Discover How Much Snow the South Pole Gets Every Year

Written by Devika Khosla
Published: November 29, 2023
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The mere mention of the South Pole has most people shivering, and rightfully so! One of the remotest and most inaccessible places in the world, the South Pole is among the coldest places on Earth. With a unique icy topography, the South Pole is a key location to study the changing climate patterns and systems. As we discover how much snow the South Pole gets every year, the results may just surprise you.  

Geography

The Ceremonial South Pole marker is surrounded by flags of countries that signed the Antarctic Treaty.

©Nick Majerus, NSF, Public domain, via Wikimedia Commons – License

Located on the continent of Antarctica, the South Pole is the southernmost point on Earth. The South Pole has an altitude of over 9,300 feet above sea level. This is due to the thickness of its ice. Its latitude is 90 degrees, and all lines of longitude meet here. As a result, all directions in the South Pole face north.

Amundsen–Scott South Pole Station

Watermarks on the photo

The American Amundsen-Scott South Pole Station dome is from 1956.

©Mesa Studios/Shutterstock.com

A science research center of the United States originally set up in 1956, Amundsen–Scott South Pole Station is named after Roald Amundsen and Robert F. Scott. In the early 1900s, the two explorers were the first people to reach the South Pole. Scientists and researchers inhabit the Amundsen–Scott South Pole Station.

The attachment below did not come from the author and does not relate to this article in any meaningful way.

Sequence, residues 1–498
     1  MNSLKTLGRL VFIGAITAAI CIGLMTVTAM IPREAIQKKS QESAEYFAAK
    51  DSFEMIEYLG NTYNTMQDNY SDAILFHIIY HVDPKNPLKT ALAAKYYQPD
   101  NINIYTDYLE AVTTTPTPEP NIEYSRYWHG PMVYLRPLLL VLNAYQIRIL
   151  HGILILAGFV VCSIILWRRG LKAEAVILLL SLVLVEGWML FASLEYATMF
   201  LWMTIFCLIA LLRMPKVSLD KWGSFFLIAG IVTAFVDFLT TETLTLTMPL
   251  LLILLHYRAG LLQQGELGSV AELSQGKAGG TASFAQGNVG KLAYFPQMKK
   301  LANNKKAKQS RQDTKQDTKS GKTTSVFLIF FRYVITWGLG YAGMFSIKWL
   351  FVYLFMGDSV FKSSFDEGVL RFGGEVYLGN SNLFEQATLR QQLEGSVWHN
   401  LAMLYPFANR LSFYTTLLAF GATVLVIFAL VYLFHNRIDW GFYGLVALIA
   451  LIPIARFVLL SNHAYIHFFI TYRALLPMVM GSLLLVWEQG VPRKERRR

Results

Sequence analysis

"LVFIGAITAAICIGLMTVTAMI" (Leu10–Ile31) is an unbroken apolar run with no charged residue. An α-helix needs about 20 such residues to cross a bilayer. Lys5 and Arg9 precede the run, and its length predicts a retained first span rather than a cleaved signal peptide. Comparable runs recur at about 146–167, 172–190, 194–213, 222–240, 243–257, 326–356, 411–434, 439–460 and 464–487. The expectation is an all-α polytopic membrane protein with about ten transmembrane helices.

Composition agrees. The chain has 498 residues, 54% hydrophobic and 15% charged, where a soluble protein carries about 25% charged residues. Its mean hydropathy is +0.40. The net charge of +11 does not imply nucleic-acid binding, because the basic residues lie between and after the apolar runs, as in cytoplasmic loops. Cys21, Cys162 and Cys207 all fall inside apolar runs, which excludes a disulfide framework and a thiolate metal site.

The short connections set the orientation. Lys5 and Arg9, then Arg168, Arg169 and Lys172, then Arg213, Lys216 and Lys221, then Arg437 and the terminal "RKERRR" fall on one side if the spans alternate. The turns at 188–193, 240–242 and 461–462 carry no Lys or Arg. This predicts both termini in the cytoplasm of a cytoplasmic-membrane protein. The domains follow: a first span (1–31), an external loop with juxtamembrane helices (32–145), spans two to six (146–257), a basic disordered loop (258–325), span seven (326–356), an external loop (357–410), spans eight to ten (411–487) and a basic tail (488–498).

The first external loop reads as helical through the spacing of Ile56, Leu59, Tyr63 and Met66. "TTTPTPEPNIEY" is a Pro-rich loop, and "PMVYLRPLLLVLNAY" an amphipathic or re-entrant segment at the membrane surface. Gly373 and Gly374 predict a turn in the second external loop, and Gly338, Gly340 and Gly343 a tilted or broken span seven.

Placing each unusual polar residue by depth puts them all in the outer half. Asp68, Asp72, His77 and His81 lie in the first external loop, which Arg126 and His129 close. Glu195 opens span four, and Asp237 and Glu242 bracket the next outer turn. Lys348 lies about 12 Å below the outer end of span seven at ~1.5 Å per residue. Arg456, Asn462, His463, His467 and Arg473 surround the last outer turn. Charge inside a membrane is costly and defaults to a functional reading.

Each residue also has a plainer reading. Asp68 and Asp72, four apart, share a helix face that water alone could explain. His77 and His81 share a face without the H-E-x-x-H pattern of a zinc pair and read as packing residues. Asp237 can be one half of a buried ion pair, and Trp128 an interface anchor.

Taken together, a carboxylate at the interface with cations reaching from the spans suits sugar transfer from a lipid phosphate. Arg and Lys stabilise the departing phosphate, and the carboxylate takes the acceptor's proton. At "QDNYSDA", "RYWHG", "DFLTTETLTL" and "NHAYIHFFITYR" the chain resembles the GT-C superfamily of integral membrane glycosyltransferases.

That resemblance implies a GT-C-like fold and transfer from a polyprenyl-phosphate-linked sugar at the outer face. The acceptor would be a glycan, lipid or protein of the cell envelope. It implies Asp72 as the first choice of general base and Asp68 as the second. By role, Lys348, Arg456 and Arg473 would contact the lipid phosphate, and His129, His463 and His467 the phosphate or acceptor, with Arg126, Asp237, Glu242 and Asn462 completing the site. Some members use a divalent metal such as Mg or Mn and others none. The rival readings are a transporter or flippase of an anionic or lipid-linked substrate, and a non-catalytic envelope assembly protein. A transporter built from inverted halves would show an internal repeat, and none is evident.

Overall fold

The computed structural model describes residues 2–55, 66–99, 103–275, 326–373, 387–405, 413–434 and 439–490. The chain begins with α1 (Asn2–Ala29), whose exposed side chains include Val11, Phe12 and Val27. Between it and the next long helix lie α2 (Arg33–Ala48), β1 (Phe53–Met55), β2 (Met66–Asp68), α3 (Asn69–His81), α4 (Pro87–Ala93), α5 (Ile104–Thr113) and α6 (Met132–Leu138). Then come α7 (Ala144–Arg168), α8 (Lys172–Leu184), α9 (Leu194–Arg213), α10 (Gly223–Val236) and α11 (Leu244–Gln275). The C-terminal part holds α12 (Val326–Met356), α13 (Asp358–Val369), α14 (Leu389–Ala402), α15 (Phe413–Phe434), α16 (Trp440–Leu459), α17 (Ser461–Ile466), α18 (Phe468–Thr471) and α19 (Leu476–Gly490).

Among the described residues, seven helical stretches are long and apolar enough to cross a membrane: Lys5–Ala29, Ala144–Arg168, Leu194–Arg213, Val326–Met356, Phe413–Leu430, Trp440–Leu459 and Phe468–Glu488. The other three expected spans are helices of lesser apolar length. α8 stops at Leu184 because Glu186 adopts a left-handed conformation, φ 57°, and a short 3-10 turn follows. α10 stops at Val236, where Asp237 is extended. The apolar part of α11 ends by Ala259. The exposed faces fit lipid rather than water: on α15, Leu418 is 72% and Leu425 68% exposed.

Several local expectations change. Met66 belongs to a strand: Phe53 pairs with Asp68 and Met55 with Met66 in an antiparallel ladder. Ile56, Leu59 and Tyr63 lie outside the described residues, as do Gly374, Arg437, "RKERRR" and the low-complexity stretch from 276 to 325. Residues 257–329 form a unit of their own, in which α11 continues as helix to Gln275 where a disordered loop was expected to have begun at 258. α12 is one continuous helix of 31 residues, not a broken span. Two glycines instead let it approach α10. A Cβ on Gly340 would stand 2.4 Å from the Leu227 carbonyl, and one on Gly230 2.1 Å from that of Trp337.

Marine Life

Animals in Antarctica

A colony of emperor penguins waddles through Antarctica.

©Sergey 402/Shutterstock.com

Owing to the extreme cold, the South Pole has no vegetation or animal life. However, Antarctica has prolific marine life. These include the Antarctic krill, blue whales, penguins, and seals.

Weather

With near zero humidity, the amount of snow that the South Pole gets every year is between 2-2.5 inches.

©Cmichel67, CC BY-SA 4.0, via Wikimedia Commons – License

The South Pole experiences one sunrise and one sunset throughout the year. The sunrise occurs at the September equinox, and the sunset occurs at the March equinox. Therefore, the South Pole is in complete darkness from May to August, which is known as “polar night.” Alternatively, the South Pole receives constant sunlight from November to February. With near zero humidity, the amount of snow that the South Pole gets every year is between 2-2.5 inches, according to the National Science Foundation Office of Polar Programs. The average number of snowy days in a year is around 205 days. The coldest temperature recorded at the South Pole is – 181.04 °F (– 82.8°C), which was on June 23, 1982. The warmest temperature recorded at the South Pole is 9.9 °F (– 12.3 °C) on December 25, 2011.

The photo featured at the top of this post is © euphro / CC BY-SA 2.0 – License / Original


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